The Huffington Post q
  • 'Nothing short of a miracle' how kids survived suicidal bridge fall with dad, police say

    "When the officers found the children -- conscious and alert -- it's nothing short of a miracle, that's for sure," said Captain Christopher Depuyt with the Pequannock Police Department.

    WABC – NY
  • Phil Collins Witnessed Princess Diana’s Affair and 7 More Shocking Revelations From His Memoir

    In his new memoir, 'Not Dead Yet,' Phil Collins shares shocking stories about Princess Diana and Prince Charles, Adele and more — read Us Weekly's top revelations!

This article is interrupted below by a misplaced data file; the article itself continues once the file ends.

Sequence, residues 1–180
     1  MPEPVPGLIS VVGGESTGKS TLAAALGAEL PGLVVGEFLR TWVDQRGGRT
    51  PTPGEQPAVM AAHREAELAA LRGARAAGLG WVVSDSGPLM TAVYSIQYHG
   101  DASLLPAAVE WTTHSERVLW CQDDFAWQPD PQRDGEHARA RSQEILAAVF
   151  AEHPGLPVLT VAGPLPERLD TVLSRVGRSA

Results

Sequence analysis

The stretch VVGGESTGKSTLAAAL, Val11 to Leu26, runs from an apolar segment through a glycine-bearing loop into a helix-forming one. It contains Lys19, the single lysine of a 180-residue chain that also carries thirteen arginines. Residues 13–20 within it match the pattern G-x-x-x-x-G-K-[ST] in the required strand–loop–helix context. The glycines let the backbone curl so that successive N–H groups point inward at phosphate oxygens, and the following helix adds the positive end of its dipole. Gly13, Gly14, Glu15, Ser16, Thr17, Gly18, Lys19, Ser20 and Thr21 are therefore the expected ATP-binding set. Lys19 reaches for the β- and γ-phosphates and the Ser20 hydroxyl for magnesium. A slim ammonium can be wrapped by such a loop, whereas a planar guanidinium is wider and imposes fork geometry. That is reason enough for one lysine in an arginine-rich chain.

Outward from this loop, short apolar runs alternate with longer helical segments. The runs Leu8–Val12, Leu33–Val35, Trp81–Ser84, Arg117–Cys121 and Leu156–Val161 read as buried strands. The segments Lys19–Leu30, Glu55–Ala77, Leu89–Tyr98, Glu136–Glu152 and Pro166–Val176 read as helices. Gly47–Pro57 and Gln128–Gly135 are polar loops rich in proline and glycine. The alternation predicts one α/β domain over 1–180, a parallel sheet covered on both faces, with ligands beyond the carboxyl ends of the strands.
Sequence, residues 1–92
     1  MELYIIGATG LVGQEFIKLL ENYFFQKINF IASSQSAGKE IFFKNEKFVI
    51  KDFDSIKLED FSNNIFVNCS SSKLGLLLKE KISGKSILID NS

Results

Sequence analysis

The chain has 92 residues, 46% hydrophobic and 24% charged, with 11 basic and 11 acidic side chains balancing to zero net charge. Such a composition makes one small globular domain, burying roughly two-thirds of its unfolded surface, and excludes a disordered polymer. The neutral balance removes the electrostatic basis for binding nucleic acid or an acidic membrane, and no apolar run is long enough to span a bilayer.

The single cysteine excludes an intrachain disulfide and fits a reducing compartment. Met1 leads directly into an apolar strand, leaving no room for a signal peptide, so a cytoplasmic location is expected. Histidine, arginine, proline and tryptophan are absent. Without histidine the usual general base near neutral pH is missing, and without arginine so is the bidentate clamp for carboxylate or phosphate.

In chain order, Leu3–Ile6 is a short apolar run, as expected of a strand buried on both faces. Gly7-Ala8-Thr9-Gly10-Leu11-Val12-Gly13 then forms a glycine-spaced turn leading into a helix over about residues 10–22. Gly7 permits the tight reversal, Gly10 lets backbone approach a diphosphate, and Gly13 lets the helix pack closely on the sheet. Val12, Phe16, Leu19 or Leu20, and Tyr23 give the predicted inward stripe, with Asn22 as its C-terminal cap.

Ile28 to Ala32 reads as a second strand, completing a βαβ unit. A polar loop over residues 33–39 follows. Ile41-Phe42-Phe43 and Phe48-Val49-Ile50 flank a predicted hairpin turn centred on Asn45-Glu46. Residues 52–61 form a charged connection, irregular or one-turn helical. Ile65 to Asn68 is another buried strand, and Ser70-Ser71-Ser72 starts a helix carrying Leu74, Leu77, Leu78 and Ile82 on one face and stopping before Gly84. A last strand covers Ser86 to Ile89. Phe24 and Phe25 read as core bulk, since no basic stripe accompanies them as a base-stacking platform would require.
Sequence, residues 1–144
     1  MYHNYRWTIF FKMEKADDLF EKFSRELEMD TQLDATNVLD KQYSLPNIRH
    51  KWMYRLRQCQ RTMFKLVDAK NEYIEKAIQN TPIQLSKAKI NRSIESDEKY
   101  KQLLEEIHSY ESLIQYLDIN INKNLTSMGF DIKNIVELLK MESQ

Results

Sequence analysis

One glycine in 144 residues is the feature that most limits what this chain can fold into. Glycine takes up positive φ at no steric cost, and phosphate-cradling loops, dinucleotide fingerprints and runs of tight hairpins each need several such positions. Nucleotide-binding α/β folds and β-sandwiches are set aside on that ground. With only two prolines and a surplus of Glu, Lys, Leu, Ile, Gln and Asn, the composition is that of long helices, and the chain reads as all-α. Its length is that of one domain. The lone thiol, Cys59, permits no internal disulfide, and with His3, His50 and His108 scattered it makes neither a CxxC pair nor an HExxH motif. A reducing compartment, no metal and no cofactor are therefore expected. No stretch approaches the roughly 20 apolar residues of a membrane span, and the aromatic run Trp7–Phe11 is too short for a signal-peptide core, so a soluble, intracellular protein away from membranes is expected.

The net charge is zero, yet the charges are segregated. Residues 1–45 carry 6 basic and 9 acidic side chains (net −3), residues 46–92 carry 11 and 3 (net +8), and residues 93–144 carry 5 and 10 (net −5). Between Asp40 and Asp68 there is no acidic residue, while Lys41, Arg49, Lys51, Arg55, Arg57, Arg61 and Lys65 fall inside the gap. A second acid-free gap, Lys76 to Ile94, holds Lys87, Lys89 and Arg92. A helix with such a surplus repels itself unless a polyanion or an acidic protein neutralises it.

Us Weekly
  • Spain under pressure to refuse refuel of Russian warships

    Spain was under pressure Wednesday from its allies to refuse permission for Russian warships headed for the Syrian coast to refuel at one of its ports. Russia's request to allow its ships to stop on Spanish territory "are under review" while Spain weighs input from its allies and Russian authorities, a foreign ministry spokesman told daily newspaper El Pais late Tuesday. Spain's foreign ministry did not immediately respond to requests for information on Wednesday.

  • Pilot

    Things get weird for New York journalist Ozzie Graham after a suspicious car accident sends him searching for answers at StarCrossed, a support group for alien "experiencers".

    AT&T q
  • N.J. police ID father who jumped off bridge with two sons